Earlier this season, I thought Matt Olson was Odysseus. Lately, the Diamond Dogs have been playing baseball like Ted Olson, though.

A base hit by Peisel produced the only baserunner for either team in the sixth inning and the Georgia third baseman's single was wasted when Wyatt grounded into a double play. The Hogs went three up and three down in the top of the seventh frame, then Beckham was hit by a pitch at the outset of the bottom of the canto. When Poythress punched a single into left field to advance the Bulldog shortstop to second, it appeared as though the Diamond Dogs would mount a late comeback, much as they had the previous afternoon.

Looks, however, turned out to be deceiving, as Olson grounded into a double play to leave Beckham as the lone baserunner for the Red and Black. Nevertheless, before Jake Crane popped up to conclude the stanza, Beckham took third on a wild pitch and scored when Joey Lewis reached on an error, cutting the Arkansas lead to 5-2.

The Hogs, not wishing to have to win again in extra innings a game in which they held a commanding lead earlier in the contest, resumed their efforts to widen the gap separating them from the home team in the top of the eighth frame. Willard led off with a base hit and, after Walker struck out, Jones walked, bringing Justin Earls to the mound. The latest Georgia reliever sneaked a called third strike past Tschepikow before surrendering a single to center field to Forsythe.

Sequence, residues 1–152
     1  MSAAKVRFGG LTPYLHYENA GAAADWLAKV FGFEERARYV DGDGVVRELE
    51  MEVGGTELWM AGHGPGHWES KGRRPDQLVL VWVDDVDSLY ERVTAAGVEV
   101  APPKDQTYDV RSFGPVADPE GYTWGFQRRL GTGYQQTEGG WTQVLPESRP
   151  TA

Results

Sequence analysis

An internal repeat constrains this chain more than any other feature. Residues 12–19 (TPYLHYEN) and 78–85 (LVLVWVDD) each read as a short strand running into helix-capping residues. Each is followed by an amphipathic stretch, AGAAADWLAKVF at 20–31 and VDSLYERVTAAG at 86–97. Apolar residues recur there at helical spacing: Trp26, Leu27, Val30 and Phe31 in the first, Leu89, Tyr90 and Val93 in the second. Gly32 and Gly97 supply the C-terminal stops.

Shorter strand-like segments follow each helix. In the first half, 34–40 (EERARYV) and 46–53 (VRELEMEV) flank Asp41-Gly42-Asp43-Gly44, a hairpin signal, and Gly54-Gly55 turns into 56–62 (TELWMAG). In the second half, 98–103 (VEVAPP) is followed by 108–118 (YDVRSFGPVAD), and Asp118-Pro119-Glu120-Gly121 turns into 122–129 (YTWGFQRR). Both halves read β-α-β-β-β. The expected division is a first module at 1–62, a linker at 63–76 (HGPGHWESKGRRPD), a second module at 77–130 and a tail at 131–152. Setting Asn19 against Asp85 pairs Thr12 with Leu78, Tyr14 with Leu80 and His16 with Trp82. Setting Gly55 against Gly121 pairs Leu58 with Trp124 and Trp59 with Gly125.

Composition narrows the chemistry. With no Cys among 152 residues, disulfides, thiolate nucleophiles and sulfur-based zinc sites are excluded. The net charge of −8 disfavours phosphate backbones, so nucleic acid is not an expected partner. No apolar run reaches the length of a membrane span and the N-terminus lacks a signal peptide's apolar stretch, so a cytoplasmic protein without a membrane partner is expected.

Willard came around to score as a result of the Razorback third baseman's hit and Arkansas threatened to tack on additional runs when Nutt walked to load the bases for Coon. Fortunately, the Hog left fielder hit into a fielder's choice to bring the home team back to the plate, but, unfortunately, three Bulldog batters went quietly in the bottom of the inning.

Arkansas designated hitter Jeff Nutt went two for three, drew a walk, was hit by a pitch, and drove in three runs, but he is not related to this embattled wackjob.

The final canto got off to a promising start when Hamblin grounded out, but the worst was yet to come. Dugger was hit by a pitch and Willard singled to center field, putting two men aboard for Walker. The Arkansas catcher put a home run out to right field to add three more runs, giving the visiting team a 9-2 advantage after Jones and Tschepikow grounded out in succession.

Despite facing a seven-run deficit, the Diamond Dogs displayed a measure of grit in their final opportunity. Although Wyatt lined out at the outset, three straight singles from the bats of Beckham, Poythress, and Olson plated a third Georgia run and put two men aboard with only one out, presenting the possibility of a rally. Lewis, however, grounded into the double play that ended the game.